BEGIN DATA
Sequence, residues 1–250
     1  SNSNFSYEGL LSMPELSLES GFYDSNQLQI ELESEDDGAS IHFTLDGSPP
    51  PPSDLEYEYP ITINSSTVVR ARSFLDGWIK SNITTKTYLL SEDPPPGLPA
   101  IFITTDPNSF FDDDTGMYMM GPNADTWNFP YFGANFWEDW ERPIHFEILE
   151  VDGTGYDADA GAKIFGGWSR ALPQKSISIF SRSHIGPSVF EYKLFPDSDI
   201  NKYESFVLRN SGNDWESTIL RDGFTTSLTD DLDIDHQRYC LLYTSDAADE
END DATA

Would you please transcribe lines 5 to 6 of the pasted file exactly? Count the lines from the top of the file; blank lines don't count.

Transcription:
   151  VDGTGYDADA GAKIFGGWSR ALPQKSISIF SRSHIGPSVF EYKLFPDSDI
   201  NKYESFVLRN SGNDWESTIL RDGFTTSLTD DLDIDHQRYC LLYTSDAADE